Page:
[Python-Dev] Why can't I encode/decode base64 without importing a module?

Stephen J. Turnbull stephen at xemacs.org
Tue Apr 23 15:29:33 CEST 2013

R. David Murray writes:

 > You transform *into* the encoding, and untransform *out* of the
 > encoding.  Do you have an example where that would be ambiguous?

In the bytes-to-bytes case, any pair of character encodings (eg, UTF-8
and ISO-8859-15) would do.  Or how about in text, ReST to HTML?

BASE64 itself is ambiguous.  By RFC specification, BASE64 is a
*textual* representation of arbitrary binary data.  (Cf. URIs.)  The
natural interpretation of .encode('base64') in that context would be
as a bytes-to-text encoder.  However, this has several problems.  In
practice, we invariably use an ASCII octet stream to carry BASE64-
encoded data.  So web developers would almost certainly expect a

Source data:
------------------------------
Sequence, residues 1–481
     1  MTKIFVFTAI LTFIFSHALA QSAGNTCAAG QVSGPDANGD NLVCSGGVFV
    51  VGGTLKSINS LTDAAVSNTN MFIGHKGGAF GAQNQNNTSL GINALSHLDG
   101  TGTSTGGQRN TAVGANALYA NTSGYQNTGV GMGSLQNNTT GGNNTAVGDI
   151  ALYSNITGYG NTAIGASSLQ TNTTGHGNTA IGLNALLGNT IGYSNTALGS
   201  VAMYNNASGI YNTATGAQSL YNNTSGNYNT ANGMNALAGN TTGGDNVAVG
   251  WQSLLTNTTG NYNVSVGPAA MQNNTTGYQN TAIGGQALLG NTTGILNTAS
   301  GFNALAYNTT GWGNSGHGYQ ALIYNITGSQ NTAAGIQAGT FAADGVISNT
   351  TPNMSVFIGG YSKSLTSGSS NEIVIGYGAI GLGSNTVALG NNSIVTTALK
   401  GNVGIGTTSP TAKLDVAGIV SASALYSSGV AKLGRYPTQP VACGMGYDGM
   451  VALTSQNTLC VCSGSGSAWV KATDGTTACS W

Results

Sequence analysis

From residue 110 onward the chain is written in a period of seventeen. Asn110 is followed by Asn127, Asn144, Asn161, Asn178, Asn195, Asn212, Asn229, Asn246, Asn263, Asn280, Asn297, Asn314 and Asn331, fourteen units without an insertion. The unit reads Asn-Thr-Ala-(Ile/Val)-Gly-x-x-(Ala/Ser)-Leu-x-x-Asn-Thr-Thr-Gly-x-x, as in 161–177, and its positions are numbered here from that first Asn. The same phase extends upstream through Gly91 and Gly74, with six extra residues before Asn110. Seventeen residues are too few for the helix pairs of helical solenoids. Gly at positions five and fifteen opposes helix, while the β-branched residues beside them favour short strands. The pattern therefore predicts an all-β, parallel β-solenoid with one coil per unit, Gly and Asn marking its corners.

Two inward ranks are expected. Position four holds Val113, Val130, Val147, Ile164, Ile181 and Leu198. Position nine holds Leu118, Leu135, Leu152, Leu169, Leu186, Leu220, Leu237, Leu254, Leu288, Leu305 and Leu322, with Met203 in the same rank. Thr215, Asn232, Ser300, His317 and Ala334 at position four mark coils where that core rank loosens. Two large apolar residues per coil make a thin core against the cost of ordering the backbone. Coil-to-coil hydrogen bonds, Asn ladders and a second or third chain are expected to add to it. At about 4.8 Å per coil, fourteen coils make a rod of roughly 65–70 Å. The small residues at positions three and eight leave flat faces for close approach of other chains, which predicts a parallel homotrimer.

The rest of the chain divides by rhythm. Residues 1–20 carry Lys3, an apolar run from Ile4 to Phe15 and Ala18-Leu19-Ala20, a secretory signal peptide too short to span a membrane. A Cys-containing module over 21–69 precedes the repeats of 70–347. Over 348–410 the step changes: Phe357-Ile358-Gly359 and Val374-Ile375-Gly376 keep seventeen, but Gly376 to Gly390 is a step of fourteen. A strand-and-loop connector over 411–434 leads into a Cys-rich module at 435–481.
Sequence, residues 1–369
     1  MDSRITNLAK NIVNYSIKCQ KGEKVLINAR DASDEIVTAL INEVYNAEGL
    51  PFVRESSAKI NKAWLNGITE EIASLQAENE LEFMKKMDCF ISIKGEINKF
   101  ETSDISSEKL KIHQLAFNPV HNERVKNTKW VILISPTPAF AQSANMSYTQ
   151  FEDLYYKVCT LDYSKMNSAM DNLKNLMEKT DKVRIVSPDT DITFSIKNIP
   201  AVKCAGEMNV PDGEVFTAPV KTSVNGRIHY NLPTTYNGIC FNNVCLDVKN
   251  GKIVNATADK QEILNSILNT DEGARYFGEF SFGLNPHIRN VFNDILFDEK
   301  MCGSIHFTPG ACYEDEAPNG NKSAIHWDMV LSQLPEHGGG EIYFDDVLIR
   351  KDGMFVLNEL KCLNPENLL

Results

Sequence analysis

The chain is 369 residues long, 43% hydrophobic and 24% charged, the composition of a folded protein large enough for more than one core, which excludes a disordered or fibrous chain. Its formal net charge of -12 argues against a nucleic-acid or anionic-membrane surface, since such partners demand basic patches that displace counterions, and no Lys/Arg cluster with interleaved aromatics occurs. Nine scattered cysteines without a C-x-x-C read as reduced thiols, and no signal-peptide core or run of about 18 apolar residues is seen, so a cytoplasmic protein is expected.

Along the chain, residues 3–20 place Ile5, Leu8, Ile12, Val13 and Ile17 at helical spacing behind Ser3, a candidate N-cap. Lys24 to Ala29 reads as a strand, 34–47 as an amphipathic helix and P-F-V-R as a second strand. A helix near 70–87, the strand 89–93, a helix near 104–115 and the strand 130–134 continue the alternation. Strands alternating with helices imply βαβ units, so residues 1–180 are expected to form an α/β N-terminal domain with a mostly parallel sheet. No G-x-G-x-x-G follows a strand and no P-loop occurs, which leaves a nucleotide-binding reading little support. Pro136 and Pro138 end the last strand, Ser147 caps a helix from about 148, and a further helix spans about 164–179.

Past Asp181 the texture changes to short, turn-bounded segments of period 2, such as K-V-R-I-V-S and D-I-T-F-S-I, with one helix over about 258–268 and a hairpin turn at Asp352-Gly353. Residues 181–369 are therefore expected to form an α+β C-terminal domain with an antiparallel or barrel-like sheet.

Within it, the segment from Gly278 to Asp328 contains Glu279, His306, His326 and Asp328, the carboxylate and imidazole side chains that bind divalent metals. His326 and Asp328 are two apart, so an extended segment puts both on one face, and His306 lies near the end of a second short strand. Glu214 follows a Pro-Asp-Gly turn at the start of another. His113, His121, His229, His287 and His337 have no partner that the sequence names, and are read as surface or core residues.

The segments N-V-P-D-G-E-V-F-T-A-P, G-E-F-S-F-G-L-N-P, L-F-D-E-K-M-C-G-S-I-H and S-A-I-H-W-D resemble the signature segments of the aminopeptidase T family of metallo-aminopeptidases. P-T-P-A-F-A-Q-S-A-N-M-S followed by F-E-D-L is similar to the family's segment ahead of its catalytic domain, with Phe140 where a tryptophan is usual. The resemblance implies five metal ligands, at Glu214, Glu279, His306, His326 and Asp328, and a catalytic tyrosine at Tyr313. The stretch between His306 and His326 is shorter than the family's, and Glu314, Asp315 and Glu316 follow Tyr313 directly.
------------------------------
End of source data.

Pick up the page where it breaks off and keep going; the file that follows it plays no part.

bytes-to-bytes encoder.  Such a bytes-to-bytes encoder can't be
duck-typed.  Double-encoding bugs wouldn't be detected until the
stream arrives at the user.  And the RFC-based signature of
.encode('base64') as bytes-to-text is precisely opposite to that of
.encode('utf-8') (text-to-bytes).

It is certainly true that there are many unambiguous cases.  In the
case of a true text processing facility (eg, Emacs buffers or Python 3
str) where there is an unambiguous text type with a constant and
opaque internal representation, it makes a lot of sense to treat the
text type as special/central, and use the terminology "encode [from
text]" and "decode [to text]".  It's easy to remember, which one is
special is obvious, and the difference in input and output types means
that mistaken use of the API will be detected by duck-typing.

However, in the case of bytes-bytes or text-text transformations, it's
not the presence of unambiguous cases that should drive API design
IMO.  It's the presence of the ambiguous cases that we should cater
to.  I don't see easy solutions to this issue.


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